We are just starting out with an implementation of a "corporate yellow pages". We have used references from the book to get signoff for the approach that we wanted to take (ie. a more casual approach rather than a HR-like listing), stolen ideas re the implementation!! and got fantastic support from the authors online. They do reply to your email! We are now well on track with the project, have high levels of buy-in across the organisation from Managing Director down and are keeping it simeple and therefore inside time and budget.
The book is well written with a good scattering of English humour to keep you interested! Highly recommended.
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5 of 6 people found the following review helpful By David Gurteen on May 6, 2001
Format: Paperback
This must be one of the best books on KM I've seen for a long time. What I love about it - is its lack of focus on technology. Yes - BP are using technology in a big way - but it is just the enabler. The book focuses on the people side - building learning into an organization and on the concepts of the After-Action Review (AAR) - 'Learn Before', 'Learn During' and 'Learn After'.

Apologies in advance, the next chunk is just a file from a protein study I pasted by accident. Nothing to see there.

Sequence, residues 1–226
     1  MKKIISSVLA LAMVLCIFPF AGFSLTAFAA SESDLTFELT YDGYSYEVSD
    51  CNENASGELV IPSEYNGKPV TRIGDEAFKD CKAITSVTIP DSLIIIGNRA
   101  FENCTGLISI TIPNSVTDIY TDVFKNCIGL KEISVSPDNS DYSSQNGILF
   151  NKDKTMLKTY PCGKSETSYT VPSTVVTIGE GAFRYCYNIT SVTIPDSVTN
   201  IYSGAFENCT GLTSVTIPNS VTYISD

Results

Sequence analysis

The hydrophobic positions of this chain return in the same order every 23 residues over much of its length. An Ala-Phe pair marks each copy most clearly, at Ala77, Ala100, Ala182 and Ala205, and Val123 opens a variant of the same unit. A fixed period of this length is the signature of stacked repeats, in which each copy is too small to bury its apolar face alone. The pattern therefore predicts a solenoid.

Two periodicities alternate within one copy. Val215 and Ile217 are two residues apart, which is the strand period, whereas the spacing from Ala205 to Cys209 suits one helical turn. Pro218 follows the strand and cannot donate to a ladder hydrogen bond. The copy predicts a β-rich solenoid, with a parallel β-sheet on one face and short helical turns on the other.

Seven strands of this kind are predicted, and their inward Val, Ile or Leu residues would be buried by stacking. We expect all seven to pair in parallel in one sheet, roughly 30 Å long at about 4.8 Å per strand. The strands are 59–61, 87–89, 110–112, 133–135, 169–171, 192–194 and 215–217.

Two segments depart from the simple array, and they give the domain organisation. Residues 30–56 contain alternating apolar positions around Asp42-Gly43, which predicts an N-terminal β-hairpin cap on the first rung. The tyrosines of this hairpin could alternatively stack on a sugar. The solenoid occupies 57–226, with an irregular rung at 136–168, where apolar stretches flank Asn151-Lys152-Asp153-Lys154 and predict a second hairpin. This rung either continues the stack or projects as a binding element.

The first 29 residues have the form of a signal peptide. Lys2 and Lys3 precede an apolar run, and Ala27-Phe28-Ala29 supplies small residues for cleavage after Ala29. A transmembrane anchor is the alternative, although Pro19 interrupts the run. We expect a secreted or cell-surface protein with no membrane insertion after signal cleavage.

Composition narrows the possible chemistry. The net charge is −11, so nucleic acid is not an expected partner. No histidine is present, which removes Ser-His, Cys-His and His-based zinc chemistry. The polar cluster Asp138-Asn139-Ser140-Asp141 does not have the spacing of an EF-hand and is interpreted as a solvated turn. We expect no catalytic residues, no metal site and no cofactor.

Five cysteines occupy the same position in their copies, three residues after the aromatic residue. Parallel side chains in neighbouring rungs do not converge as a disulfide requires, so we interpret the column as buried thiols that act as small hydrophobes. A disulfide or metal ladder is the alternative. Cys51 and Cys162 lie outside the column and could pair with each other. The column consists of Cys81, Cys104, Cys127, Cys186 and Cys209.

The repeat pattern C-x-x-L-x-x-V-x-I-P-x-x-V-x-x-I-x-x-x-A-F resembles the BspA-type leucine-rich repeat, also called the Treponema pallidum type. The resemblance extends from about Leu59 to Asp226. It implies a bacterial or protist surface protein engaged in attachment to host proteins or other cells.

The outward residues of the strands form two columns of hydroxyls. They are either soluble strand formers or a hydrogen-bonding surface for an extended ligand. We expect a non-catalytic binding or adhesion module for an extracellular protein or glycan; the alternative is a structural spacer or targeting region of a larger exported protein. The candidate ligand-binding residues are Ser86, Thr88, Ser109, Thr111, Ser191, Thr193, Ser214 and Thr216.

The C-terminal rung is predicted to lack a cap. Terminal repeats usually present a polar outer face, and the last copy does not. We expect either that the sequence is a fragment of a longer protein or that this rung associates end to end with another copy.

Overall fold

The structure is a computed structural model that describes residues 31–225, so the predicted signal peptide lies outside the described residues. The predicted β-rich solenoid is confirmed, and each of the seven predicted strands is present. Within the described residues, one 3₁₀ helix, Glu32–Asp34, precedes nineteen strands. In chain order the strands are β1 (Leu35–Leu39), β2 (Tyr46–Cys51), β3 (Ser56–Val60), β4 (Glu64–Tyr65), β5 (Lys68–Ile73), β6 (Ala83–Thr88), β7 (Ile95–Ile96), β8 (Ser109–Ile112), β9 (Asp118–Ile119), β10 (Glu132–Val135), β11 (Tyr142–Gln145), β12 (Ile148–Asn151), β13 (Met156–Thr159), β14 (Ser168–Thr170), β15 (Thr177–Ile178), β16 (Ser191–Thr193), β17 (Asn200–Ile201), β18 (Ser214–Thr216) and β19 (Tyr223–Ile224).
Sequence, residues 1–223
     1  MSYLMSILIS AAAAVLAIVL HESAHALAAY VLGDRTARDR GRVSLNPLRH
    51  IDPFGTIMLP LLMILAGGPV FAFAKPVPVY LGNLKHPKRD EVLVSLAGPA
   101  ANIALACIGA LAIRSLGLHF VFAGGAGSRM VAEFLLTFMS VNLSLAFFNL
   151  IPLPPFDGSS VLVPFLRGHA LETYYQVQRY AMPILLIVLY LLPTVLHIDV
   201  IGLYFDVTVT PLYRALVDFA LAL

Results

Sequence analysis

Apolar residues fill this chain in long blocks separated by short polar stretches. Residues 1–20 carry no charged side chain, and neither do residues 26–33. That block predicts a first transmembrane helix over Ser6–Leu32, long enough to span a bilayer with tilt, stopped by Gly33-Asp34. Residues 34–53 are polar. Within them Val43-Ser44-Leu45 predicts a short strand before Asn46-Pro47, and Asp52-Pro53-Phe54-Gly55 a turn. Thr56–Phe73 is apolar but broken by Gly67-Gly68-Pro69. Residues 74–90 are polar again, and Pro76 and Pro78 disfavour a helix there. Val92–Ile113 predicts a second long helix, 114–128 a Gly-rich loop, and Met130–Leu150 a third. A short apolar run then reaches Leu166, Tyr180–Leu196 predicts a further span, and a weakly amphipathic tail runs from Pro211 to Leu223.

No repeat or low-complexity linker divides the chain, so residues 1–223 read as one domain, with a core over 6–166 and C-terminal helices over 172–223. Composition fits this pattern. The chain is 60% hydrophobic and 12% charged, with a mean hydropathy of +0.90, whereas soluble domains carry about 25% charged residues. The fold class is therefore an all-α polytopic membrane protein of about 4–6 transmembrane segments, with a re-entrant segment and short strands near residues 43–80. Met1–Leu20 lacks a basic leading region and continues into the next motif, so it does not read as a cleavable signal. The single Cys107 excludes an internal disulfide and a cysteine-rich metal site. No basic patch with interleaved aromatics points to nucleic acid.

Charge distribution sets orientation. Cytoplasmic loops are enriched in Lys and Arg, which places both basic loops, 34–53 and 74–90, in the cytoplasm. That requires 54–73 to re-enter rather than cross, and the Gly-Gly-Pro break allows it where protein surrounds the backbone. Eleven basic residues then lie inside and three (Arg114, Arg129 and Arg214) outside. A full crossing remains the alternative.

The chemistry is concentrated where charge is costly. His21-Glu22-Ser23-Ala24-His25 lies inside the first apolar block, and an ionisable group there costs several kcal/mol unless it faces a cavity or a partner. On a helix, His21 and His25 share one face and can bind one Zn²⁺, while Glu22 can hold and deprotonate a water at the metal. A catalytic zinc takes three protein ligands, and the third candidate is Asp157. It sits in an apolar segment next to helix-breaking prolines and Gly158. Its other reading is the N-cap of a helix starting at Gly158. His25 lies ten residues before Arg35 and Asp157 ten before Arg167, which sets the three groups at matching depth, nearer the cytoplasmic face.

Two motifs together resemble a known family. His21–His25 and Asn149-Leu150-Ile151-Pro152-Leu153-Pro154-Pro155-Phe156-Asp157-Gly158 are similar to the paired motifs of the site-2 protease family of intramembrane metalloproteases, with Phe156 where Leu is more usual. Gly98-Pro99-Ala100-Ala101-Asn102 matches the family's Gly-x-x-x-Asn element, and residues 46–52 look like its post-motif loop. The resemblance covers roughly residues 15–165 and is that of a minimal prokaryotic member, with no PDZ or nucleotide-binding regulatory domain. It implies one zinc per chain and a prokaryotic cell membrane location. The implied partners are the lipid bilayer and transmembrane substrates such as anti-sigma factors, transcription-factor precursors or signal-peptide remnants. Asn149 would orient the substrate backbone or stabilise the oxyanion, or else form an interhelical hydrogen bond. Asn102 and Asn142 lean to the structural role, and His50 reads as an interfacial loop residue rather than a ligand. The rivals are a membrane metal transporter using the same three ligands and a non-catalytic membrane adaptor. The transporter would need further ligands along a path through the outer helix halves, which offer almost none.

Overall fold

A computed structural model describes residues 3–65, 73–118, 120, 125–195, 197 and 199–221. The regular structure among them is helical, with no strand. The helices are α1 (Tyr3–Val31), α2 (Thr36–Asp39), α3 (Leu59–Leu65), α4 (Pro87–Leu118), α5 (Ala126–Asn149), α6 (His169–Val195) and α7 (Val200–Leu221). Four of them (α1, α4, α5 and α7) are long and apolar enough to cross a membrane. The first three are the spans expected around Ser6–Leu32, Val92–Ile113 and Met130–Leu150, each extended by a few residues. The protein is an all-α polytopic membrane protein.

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2 of 2 people found the following review helpful By jacqueline.beattie@ntlworld.com on August 6, 2001
Format: Paperback
Beyond the theory - here's 'the' hands-on guide to making KM work for real. As a practitioner of KM, I recognise and appreciate many of the initiatives and projects the authors successfully introduced and gained adoption of throughout BP. It's also refreshing to read that they had learning points to review too. This book illustrates how to achieve the ultimate goal - making KM part of the way to do business. KM is, after all, just good management, it shouldn't be regarded as an add-on, something extra to do. I recommend this book unreservedly to all who are engaged in KM activity - from those new to the field to those who (like me) want to make sure that they're doing the right things!